Coming out of the “mask” with a bigger smile!
Part 2 of a 2 part series - Kendra Nicks, Adult Physical Therapist
Welcome back and thank you for continuing on this journey with me. Now let’s dive back in to how to embrace the suck and emerge from the mask with a bigger smile. In Part 1, we ended with a discussion of how to reframe the situation by embracing new technology to learn a new skill or task. Let’s learn how motivation may not be the precursor you need.
Do it anyway!
Keep in mind that you may be feeling depressed or unmotivated to do any of those things from time to time, or even all of the time. One thing that many people don’t realize is that motivation FOLLOWS action. Most of the time, when you have motivation, it is short lived and then it fades. Some people equate this time of feeling motivated as the “honeymoon” phase. For motivation to continue, further action is required. Dean Bokhari, a motivational speaker, writes the following: IT’S EASIER TO ACT YOURSELF INTO A BETTER WAY OF FEELING THAN IT IS TO FEEL YOURSELF INTO A BETTER WAY OF ACTING. This is a profound statement!! But don’t fret, it does not always have to start with big actions. Small actions can lead to motivation, that leads to more small actions and so on. All you need is one little spark of activity. So whether or not you “FEEL” like doing something, do it anyway! BUT…. do it quickly. Some research by Mel Robbins shows that if you think about taking action for longer than 5 seconds, your chances of actually doing that will decrease. If you have a thought of learning a new skill, get up and find a tutorial, right then. If you think you might go for a walk, put on your shoes and get moving, don’t think too long about it. Robbins suggests that as soon as you think of acting on something, you should begin a 5 second countdown in your head (or out loud, this might bring some humor if others are listening). This countdown will distract you from finding excuses as well as setting the timer for you. So begin the countdown 5….4….3….2….and when you get to 1, you physically move toward your action.
COVID-19 is not the only thing that is contagious!
Anxiety is contagious!! Have you ever met up with someone who was very anxious or upset about a situation? They may approach you like this; “OMG, DID YOU SEE THE NEWS LAST NIGHT? THERE IS NO TOILET PAPER ANYWHERE!!! WE WILL HAVE TO SCOOT ACROSS THE YARD LIKE DOGS!! %F0%9F%98%86 How does this person make you feel? Like you need to rush out and buy 100 rolls of toilet paper because their anxiety is contagious to you, now you have anxiety also. Fortunately, calm can also be contagious. However, it is not as easy to spread. You can think of them like this: anxiety is to the common cold as calm is to let’s say chicken pox. Do you remember your parents sending you to the neighbor’s house to try to catch their chicken pox, so you could go ahead and get it over with? What a different world we live in now. My point is that in order to spread calm, it requires a bit more contact and time. You first have to take a slow breath, then respond to your friend with calm words (not in all CAPS), “ok, I have several rolls at home and I am willing to spare a few squares.” Do not fall into the trap of reacting to anxious friends, the news, posts on social media with more anxiety, it only adds fuel to the fire. This is why it is important to mind your information diet as discussed in Part 1.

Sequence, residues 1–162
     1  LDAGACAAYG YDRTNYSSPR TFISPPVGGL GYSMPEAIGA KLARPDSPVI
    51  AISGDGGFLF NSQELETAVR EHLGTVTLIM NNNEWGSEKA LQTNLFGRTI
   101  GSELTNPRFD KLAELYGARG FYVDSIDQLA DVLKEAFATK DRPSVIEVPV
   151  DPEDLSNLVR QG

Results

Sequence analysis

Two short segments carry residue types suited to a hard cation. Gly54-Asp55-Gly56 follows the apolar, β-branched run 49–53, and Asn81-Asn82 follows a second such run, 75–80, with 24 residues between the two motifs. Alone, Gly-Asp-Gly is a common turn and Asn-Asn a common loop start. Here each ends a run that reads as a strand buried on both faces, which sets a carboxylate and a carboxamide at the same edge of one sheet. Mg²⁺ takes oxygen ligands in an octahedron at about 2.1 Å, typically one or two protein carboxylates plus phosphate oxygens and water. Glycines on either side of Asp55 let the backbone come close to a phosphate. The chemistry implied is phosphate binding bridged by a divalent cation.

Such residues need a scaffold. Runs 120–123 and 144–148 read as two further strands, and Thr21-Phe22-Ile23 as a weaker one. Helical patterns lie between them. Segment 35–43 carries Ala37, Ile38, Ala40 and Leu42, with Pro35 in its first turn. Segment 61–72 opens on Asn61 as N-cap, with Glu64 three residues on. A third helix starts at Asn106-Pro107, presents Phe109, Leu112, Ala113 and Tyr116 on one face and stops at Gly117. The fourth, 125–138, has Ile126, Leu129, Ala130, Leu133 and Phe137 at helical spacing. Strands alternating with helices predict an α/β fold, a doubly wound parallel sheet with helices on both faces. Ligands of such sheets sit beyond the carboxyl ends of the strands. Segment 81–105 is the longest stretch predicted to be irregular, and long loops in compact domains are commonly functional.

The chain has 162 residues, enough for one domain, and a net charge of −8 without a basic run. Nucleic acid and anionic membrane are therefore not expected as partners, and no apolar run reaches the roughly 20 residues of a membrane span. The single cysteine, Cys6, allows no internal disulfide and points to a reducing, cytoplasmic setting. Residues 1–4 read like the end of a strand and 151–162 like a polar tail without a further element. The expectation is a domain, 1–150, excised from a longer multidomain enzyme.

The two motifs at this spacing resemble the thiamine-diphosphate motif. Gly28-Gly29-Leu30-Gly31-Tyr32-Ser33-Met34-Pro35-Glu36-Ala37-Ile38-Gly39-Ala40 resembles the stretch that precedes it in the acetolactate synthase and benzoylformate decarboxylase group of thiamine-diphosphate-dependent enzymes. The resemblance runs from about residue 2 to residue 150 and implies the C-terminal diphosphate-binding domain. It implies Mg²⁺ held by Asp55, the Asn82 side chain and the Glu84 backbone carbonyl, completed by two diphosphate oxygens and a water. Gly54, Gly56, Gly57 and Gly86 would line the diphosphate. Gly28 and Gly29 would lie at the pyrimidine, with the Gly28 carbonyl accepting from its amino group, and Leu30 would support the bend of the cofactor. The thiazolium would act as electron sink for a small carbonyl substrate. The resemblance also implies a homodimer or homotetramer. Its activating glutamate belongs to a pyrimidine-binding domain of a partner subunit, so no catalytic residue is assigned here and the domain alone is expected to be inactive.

Mind your mind
While minding your information diet, it is also important to mind your mind. What does this mean? This is referring to emotional intelligence, ie. recognizing your emotions and being able to regulate them. Dr. Marc Brackett, founder of the Center for Emotional Intelligence at Yale University created the acronym RULER for helping with this. The idea is that it is important to Recognize, Understand, Label, Express, and Regulate your emotions. See image and/or link below for more details. This also can be done with the practice of mindfulness. Some people may get mindfulness and meditation confused or believe that they are the same thing. However, mindfulness is a distinct practice that is about purposefully paying attention to your current state and not making judgements about it. Here we can learn to pay attention to our emotions and learn more about where they come from and how to regulate them. Here are some other examples of how to use mindfulness in everyday situations. It doesn’t take long, but it does take some practice for it to be beneficial. Stop what you are doing( reading this blog), and focus your attention on your breathing. Do not try to change how you breathe, just pay attention to your breath in and your breath out. Where do you feel the air going, how long does it take to do each cycle, is your exhale longer or shorter than your inhale? These are only a few of the things you can try to focus on. If you feel your mind wander to other things, don’t chide yourself. This is a normal reaction. Research shows that most people’s mind begins to lose focus after only about 7 seconds so that is normal at first, but the more you practice, the better you can become. And it does not take hours of mindfulness to help. Some research shows that if you only spend 5 minutes, you can still get the benefits. So no excuses! For more information on mindfulness, I have included a link to a list of a number of apps and resources to guide you.
I hope that with these points to lead you, you can begin to reframe the unfortunate new reality, at least temporarily and begin to embrace the suck. May you all come out of your masks with a better outlook and a bigger smile than before.
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